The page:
God's Creation in the Classroom

Carsten Hjorth Pedersen


This topic takes the first and last of four words upon which a Christian worldview is built as its starting point: creation, fall, redemption and sustentation. However, it is always dangerous to be one-sided and only look at two words out of four and we must not act as if fall and redemption do not exist. We cannot possibly avoid these two other words simply because redemption is a re-establishment of creation and creation and sustentation are unthinkable without redemption.

In the following seven points, I discuss the meaning of creation and sustentation and I suggest some educational implications because I am convinced that what we mean by creation and sustentation are very significant for our aims, contents and methods in education. My first points focus mainly on aims and content whereas the later points focus more on methods. So what does it mean to education that God is the one who creates and sustains?

1) That God is the one who creates and sustains means that human beings can sense something about God

We cannot but sense God in creation. We see his footprints there. By looking at the world around us, we sense that a higher power must be behind this complex and fascinating creation. Somebody must have started it all and some power must be behind its continued existence and wonderful operation.

In fact anybody can sense several of these things. I am going to give examples of how - as it is our task to help people into this sensation of God as the one who creates and sustains.

2) That God is the one who creates and sustains means that God exists

We sense that there is a God. We and the rest of creation are not alone on stage. Everything can not have come into being by sheer coincidence. Something inside us makes a protest against coincidences. We want sense. Who or what is the cause of creation is hard to tell. But it must be somebody or something outside myself. People who do not go to church still speak about creation. However, if something is a created, somebody must have created it.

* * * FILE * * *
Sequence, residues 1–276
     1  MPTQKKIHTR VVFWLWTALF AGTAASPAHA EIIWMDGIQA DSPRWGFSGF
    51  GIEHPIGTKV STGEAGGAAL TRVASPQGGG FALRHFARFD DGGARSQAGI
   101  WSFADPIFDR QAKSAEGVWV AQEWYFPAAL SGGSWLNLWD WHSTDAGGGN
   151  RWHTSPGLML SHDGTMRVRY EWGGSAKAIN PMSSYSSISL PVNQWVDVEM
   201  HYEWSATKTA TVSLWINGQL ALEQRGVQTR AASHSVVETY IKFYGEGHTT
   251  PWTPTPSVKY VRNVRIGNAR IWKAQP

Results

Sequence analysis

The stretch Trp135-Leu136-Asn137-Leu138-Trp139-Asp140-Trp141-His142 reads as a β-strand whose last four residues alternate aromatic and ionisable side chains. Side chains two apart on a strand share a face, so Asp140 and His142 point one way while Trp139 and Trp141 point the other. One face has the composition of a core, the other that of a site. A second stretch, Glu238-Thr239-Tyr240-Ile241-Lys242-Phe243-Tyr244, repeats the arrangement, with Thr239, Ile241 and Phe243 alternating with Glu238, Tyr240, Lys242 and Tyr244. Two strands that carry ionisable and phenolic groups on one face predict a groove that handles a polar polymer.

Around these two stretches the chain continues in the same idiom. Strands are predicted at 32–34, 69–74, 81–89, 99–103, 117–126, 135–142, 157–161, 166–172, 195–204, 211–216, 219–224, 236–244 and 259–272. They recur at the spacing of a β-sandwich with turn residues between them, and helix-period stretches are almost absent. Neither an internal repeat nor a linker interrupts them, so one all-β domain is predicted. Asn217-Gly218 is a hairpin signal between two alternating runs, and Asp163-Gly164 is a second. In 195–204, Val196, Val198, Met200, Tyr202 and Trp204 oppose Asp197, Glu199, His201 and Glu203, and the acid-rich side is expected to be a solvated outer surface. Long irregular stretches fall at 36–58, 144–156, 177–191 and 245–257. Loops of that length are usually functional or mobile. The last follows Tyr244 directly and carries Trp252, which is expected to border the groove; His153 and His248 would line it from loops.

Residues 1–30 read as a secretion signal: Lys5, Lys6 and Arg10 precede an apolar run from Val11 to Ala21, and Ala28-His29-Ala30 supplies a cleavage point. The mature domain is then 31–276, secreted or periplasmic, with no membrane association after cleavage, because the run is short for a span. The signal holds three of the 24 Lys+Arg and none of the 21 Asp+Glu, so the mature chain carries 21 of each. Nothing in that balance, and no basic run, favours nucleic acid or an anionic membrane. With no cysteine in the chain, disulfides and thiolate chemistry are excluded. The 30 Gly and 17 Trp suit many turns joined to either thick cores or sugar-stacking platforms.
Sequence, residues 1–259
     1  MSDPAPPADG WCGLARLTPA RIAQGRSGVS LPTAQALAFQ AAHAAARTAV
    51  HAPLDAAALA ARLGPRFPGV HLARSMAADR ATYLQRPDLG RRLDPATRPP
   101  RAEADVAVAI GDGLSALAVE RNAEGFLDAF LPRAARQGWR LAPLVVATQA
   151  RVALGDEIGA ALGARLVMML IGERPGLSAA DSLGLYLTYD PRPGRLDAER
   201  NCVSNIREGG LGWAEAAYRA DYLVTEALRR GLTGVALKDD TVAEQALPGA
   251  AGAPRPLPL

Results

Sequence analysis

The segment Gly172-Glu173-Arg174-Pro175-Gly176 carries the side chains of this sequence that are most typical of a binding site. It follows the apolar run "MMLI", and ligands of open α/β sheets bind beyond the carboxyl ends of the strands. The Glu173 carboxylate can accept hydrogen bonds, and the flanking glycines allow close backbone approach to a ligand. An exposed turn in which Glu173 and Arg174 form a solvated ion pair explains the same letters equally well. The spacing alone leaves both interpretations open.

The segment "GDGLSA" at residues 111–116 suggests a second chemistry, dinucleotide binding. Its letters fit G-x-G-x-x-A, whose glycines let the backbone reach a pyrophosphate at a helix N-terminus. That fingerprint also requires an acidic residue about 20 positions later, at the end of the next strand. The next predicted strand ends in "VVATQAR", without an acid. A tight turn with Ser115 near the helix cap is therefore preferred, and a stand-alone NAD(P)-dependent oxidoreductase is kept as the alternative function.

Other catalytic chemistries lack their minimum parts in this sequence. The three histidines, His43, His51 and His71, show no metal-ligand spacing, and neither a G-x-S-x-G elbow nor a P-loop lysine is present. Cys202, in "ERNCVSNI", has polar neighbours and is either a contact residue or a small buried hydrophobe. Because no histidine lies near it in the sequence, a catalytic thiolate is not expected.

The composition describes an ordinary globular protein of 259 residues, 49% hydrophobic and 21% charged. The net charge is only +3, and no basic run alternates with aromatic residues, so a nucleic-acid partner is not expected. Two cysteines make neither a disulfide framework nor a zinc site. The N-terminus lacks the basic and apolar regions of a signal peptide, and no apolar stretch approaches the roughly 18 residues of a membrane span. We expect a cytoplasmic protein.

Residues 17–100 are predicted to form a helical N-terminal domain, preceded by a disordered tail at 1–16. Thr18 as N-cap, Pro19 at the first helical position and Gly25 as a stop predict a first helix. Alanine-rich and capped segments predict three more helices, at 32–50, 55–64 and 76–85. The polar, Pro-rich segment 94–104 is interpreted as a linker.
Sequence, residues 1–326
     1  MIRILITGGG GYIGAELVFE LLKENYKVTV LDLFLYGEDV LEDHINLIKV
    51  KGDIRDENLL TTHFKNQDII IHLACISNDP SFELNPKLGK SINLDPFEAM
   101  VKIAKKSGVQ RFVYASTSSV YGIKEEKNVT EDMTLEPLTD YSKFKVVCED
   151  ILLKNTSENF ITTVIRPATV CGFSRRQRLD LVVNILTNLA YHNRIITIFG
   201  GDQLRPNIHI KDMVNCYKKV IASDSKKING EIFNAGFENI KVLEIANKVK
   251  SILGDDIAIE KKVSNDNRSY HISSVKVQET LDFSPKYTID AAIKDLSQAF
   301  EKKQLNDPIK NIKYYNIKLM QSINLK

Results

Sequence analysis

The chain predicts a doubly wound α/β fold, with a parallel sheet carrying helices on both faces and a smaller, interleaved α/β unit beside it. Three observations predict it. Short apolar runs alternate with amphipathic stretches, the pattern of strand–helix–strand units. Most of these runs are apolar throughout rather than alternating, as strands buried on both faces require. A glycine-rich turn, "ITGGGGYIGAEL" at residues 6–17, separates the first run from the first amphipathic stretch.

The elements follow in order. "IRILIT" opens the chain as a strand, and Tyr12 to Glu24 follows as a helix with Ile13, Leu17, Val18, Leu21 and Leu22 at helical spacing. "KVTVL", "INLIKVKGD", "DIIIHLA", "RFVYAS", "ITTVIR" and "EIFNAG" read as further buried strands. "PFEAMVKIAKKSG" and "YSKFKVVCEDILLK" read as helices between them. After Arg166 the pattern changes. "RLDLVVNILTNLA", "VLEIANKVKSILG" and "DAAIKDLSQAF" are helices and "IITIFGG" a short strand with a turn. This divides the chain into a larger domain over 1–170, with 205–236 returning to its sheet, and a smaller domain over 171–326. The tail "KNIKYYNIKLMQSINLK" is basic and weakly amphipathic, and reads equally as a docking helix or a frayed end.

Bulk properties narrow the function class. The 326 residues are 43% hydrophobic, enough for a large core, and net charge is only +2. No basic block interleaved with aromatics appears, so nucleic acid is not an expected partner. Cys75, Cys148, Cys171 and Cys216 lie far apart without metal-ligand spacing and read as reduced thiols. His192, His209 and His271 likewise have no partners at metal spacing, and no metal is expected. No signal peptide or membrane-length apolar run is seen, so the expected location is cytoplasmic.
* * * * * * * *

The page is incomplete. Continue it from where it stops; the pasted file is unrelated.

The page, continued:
Today a lot of people have spiritual experiences. At a time of many disasters it is as if belief gets its own meaning. As Erica Jung puts it: “You do not get many atheists in a crashing plane.” People do not necessarily recognise God, the Trinity who has revealed himself in his son, Jesus Christ, and by his word, the holy Bible.

Whether people talk about God or the divine it cannot just be a detail in life. It must have some importance, some great importance.

This has consequences for both the teacher and the child. (In talking about teachers in what follows I mean anybody having educational responsibility for children – like parents, schoolteachers, Sunday school teachers, nursery teachers etc.)

2a) The religious dimension must be part of educational thinking

As educators we must stop seeing the human being as a sociological or psychological individual only. In a survey of textbooks at teaching colleges which I made a couple of years ago, it was obvious that the religious dimension was given a very low priority. However, as God or the Divine does exist we must think God into our worldview as educators – not only as an interesting detail but as something fundamental.

2b) The religious dimension must be part of practical education

In practical and everyday dealings with children and young people, your relationship to God must also be given a high priority. A lot of people are deeply involved in something religious. You may wonder whether quite a good deal of all the focus on sport, music and health is actually religious. Quite a few would agree that the religious dimension in education, teaching and up-bringing is important today. But not every religiousness is true or sound. Yet more important is it to include a sound religious dimension in practical education.

3) That God is the one who creates and sustains means that everybody is equal

When everybody is created and sustained by God then everybody is equal. Being equal, however, is not the same as being identical as the Creator put a lot of differences into his creation of human beings. Two of the fundamental ones are the difference between man and woman and between child and adult. Man and woman, child and adult are all equal yet they have different and indispensable tasks to fulfil. Apart from the differences given in human nature we also have differences in culture like different people, language, traditions, social structures etc.

Even though people a lot of times – due to our fallen nature – have discriminated against others because of these differences, the Christian idea of equality is still basic. And as failures have been and still are frequent (in Christian places, too) it is very important to stick to this fundamental idea. Equality amidst differences has major consequences for ethics and education.

3a) The importance of equality to ethics

3b) The importance of equality to education